After finishing his master's degree, Alex will be starting a job at Mathematica Policy Research, Inc. as a Research Assistant/Programmer on July 5th in Washington, D.C. He will be working on a variety of statistical research projects (depending on who the company contracts with). The DC branch works more with projects relating to health care and education policy. Some of his duties will involve programming in SAS, data collection and analysis, literacy review, and writing reports.

Posted 11 April 2011

Using FPGAs to Create a Complete Computer System

On Thursday, April 7th, at 4:15PM, in Napier 101, Marcela Melara (WS '12) will give a talk on computer systems and FPGAs. An FPGA is a programmable soft-processor that can be used to implement complex digital circuits such as a processor for a computer. Marcela will describe some work she has done implementing a basic yet complete computer system on an FPGA for an architecture called Larc. A major task of this project was to add support for essential hardware devices such as a monitor, a keyboard and a small hard drive. Furthermore, she added architectural support for running an operating system called VIREOS, which includes support for a file system and timesharing, among other features. (Refreshments will be served beforehand.)

Posted 5 April 2011

Math Awareness Month

The web site www.mathaware.org has information about the annual celebration of Math Awareness Month in April 2011.

"Unraveling Complex Systems" is theme for Mathematics Awareness Month, April 2011, as per a joint announcement from the American Mathematical Society, the American Statistical Association, the Mathematical Association of America, and the Society for Industrial and Applied Mathematics. Mathematics Awareness Month is sponsored by the Joint Policy Board for Mathematics (JPBM).

How do epidemics spread, birds flock, and stock markets operate?

Many of these answers fall within the realm of mathematics.

From natural entities such as living cells, insect colonies and whole ecosystems to man-made inventions like power grids, transportation networks and the World Wide Web, we see complex systems everywhere. Deciphering the mathematics behind such systems can unravel well-structured networks and discernible patterns in natural and artificial structures. That is the idea behind Mathematics Awareness Month.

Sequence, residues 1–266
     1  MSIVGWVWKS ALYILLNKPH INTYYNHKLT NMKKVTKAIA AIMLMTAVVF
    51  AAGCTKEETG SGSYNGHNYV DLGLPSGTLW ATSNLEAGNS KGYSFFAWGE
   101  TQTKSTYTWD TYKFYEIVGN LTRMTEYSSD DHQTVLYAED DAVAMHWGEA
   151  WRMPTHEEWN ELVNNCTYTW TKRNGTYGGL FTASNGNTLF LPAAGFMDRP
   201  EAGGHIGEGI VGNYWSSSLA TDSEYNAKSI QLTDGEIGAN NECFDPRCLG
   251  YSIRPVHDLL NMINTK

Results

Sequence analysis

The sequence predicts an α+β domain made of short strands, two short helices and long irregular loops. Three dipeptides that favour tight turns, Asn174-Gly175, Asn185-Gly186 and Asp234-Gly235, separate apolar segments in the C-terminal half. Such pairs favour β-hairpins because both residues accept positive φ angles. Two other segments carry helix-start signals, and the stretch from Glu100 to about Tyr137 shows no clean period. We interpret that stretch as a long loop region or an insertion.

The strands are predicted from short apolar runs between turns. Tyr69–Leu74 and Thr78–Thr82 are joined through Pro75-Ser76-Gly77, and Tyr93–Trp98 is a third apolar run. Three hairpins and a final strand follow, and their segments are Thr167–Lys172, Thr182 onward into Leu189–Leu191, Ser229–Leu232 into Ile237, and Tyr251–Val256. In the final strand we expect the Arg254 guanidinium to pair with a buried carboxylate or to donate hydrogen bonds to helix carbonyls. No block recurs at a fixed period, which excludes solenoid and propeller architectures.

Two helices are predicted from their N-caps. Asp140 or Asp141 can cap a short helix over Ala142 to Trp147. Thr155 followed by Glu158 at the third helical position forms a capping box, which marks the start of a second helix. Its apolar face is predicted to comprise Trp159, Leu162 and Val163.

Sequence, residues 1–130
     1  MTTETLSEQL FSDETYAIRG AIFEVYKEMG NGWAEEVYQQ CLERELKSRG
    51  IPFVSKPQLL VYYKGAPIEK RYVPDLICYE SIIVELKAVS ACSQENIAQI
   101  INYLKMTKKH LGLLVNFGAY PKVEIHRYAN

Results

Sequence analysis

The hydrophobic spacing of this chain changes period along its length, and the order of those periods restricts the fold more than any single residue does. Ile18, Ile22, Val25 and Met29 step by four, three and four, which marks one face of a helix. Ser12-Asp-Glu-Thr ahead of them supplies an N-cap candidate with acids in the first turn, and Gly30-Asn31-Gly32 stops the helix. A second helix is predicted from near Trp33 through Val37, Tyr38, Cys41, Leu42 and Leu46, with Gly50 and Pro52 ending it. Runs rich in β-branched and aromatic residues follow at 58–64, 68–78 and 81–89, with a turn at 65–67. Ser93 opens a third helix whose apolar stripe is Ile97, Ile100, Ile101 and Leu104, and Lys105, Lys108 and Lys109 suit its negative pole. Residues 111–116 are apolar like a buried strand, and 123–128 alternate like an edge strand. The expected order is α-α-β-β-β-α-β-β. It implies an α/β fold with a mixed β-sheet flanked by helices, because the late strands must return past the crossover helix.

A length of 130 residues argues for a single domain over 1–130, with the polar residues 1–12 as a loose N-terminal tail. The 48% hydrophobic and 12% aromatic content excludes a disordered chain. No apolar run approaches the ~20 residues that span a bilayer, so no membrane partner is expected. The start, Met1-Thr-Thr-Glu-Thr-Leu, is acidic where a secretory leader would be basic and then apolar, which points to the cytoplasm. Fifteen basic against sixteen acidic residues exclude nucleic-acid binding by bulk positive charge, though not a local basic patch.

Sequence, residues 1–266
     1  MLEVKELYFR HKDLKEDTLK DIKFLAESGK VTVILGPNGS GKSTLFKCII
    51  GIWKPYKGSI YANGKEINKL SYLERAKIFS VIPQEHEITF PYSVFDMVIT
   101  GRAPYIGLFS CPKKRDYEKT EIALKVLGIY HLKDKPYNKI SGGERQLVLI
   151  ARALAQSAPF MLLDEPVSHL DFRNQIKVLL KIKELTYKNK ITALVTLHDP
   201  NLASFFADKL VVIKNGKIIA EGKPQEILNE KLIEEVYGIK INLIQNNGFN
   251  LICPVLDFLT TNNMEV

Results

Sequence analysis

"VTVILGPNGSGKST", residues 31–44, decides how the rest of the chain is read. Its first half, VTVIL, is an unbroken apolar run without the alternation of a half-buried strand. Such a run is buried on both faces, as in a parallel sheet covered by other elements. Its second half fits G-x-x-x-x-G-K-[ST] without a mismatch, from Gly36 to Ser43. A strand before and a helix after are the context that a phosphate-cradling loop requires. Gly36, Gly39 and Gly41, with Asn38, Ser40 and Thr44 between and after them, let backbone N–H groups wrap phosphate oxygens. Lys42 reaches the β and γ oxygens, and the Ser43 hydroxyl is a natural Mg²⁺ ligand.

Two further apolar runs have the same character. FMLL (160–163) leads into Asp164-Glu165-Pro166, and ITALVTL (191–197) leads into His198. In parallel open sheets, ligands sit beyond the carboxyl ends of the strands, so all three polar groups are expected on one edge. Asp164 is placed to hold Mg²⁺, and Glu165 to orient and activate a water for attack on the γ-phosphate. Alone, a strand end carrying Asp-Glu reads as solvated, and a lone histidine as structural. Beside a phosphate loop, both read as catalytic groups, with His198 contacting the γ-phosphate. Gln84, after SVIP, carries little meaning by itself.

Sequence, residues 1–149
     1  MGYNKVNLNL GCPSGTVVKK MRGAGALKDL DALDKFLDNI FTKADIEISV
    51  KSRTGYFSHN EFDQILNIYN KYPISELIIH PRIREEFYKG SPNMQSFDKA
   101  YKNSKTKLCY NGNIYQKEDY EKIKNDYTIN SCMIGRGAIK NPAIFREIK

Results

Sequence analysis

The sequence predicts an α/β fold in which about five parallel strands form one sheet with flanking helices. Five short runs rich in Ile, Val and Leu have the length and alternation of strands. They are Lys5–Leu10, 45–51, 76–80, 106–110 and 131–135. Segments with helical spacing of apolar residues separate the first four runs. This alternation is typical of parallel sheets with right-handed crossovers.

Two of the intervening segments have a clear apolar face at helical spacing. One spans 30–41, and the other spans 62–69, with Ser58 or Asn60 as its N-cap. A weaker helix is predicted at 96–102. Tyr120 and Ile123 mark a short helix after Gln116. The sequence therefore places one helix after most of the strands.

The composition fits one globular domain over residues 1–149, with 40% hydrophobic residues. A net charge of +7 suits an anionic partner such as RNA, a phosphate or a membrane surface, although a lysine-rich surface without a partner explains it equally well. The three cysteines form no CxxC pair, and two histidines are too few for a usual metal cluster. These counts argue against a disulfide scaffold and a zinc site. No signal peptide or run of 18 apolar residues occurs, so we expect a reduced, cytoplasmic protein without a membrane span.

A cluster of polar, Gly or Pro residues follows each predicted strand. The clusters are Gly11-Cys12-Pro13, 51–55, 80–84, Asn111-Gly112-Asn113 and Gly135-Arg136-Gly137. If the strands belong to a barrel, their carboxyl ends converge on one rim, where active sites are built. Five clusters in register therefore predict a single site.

Understanding these complex systems can not only help us manage and improve the reliability of such critical infrastructures of everyday life, but can also allow us to interpret, enhance and better interact with natural systems. Mathematical models can delineate interactions among components of these systems, analyze their spontaneous and emergent behaviors, and thus help prevent undesirable developments while enhancing desirable traits during their adaptation and evolution.

Posted 4 April 2011

Ariel Trent Accepted at ESP-REU

First-year student Ariel Trent has been accepted into the Emerging Scholars Program - Summer Research Experience for Undergraduates at St Mary's College in Maryland. The 12 REU participants will each join one of the three research teams in the areas of graph theory, knot theory, and game theory. The program runs from June 13 to July 22, 2011. Participants will receive a $3500 stipend for participation in the ESP-REU, in addition to room and board for the six weeks. Sounds like fun

Posted 22 March 2011

Article Published

Trevor Gionet (Hobart College '12) and Yixiao Sha (William Smith College '12) worked on a summer research project in 2010 with Professor Erika King. The goal of the project was to find a more efficient way of proving a theorem characterizing 4-regular, claw-free, well-dominated graphs, which was originally proved by Prof. King using roughly 350 pages. However, during their first week of research, Yixiao and Trevor discovered a graph that was omitted from a characterization by Michael D. Plummer originally used to prove Prof. King's theorem. Thus their research was redirected to revise Plummer's characterization.

Trevor and Yixiao were able to complete Plummer's characterization, revise a result in a paper that used that characterization, and prove a case of Prof. King's theorem. They wrote an article with Prof. King entitled "A revision and extension of results on 4-regular, 4-connected, claw-free graphs", that includes their results. The paper was recently accepted into the journal Discrete Applied Mathematics.

Posted 15 March 2011